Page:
Monday 14 September 2015

John Cena's Sweet Sixteen

Over the last year much has been made of the fact that John Cena's next world title win will tie him with Ric Flair's record of sixteen. Ever since he lost his fifteenth world championship at SummerSlam 2014 we've been hearing rumour through The Dirt Sheets™ that WWE wants to have Cena's next win and the reign it kicks off be big deals. We heard it mentioned on-screen leading up to SummerSlam this year, Cena's first title shot since January's Royal Rumble, with him specifically name-dropping Flair and announcing that he wants to reach that milestone.

This makes sense. With only one man having been as prolific as Cena when it comes to winning world titles it's entirely understandable that WWE would want to focus on that journey as a story. Cena equalling a record tally is a logical, understandable plot for wrestling because it focuses on wins and losses and the importance of titles. It's also something that has never really been done before in wrestling, at least not in the exact circumstance of someone tying Flair.

The thing is that Cena's world title win won't see him equal Flair's actual record. It will see him equal the WWE approved record, the one that discounts a number of 'Naitch's' early NWA world championship victories. For what it's worth Flair is said to privately consider himself something like a twenty-one time world champ. Not that Flair's private feelings or the legitimate number of title reigns he's had actually matters. What matters is that Flair is known as a sixteen time world champion and Cena's next win will see tie this.

The once and future champ.
When it comes (and it will come) Cena's next WWE championship reign needs to be something memorable1. Running through standard issue title defences against Rollins, Kane and Orton won't cut it if WWE wants to do the story they're going for justice. What is the story they're going (or will be going) for? That in winning sixteen world championships Cena, who is frequently lambasted as a poor wrestler with little understanding of selling and ring psychology, is every bit as good as Ric Flair, who is frequently held up as the greatest professional wrestler ever.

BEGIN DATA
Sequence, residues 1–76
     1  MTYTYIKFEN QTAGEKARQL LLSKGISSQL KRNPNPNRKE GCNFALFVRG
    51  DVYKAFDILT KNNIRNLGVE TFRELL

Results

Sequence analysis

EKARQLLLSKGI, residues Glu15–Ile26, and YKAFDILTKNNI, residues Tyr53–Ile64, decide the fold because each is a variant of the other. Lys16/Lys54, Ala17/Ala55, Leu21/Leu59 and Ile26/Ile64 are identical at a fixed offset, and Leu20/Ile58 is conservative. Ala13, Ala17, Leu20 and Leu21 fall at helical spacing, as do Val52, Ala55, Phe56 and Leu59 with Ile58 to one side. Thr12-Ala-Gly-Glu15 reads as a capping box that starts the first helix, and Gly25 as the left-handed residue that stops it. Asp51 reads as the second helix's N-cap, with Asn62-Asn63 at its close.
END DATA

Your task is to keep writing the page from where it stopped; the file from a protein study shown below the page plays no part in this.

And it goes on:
A long title reign will be needed to do this story justice and for a long title reign WWE will need plenty of challengers. Right now there are very few people who could believably defeat Cena on pay-per-view. The number who could defeat him for a world title is even smaller, especially such an importantly numbered title. And if a long Cena title reign is to work in 2015 or beyond then the audience should be able to feel that Cena could lose in any defence, adding to the drama of each match, therefore heightening reactions and making the achievement of each successful retention seem greater.

Had one of Cena's allegedly star-making feuds against Bray Wyatt, Rusev or Kevin Owens gone differently over the last eighteen months things could be different. Had Cena left any one of those feuds without getting a victory then the opponent in question would be perfectly positioned as a title challenger for 'Big Match John' come his next world title reign. They could have been presented as the only man of the last decade Cena had failed to defeat and a favourite in a title match against him. Basically, Cena losing more in these programmes would have made a victory for him at a later point a bigger deal.

Rusev in particular could have been great in this role. Had WWE thought enough about it 'The Bulgarian Brute' could have been built up as Cena's gateway to a sixteenth world title. Had Rusev dropped Cena on three or four straight pay-per-views he would have been established as a juggernaut and a natural contender to the WWE world title. He could have won that from Rollins, either in a singles match (in the right city Rollins could have played the face) or a three-way including someone like Ambrose, Lesnar or Reigns to give people a face to get behind, and gone on to have a few months as a dominant world champion. Cena could have gone on his undercard quest to find himself (the Open Challenge thing could have worked as Cena testing himself instead of as a US title reign) before challenging Rusev to a world title match and beating him. This would have seen Cena finally getting the victory that had eluded him, ending Rusev's undefeated streak, and equalling the sixteen title reigns record in one match.

But, sadly, nobody in WWE seems to think that far ahead.

The good news is that Cena's next world title win is unlikely to roll around until next year.  Roman Reigns seems like the natural choice to take the belt from current champ Seth Rollins, likely at WrestleMania 32 Star in Texas next April. It's unlikely Reigns' inaugural world title run would last less than four months, which would take him through to SummerSlam, a fitting stage for Cena's big win. Next August gives WWE plenty of time to rebuild Rusev, Owens and Wyatt, along with preparing other acts like Cesaro, Stardust and Ryback, giving Cena the stacked roster he needs to make his sixteenth world title reign the success it deserves to be.


1 The irony here is that Flair's final WCW world title reigns were massively underwhelming. The fifteenth world title reign of Ric Flair began on an episode of Nitro and lasted seven days, ending when he was stripped of the belt by Vince Russo. Jeff Jarrett then won the title later on the same show and lost it the following evening to Kevin Nash at a Thunder taping. 'Big Sexy' then handed the title back to Flair on the following Nitro2, with Flair going on to lose the title back to Jarrett later on in the show.

Yes, that means Flair's famed sixteenth world title reign began with Kevin Nash handing him the belt and lasted less than two hours. Woooooo!

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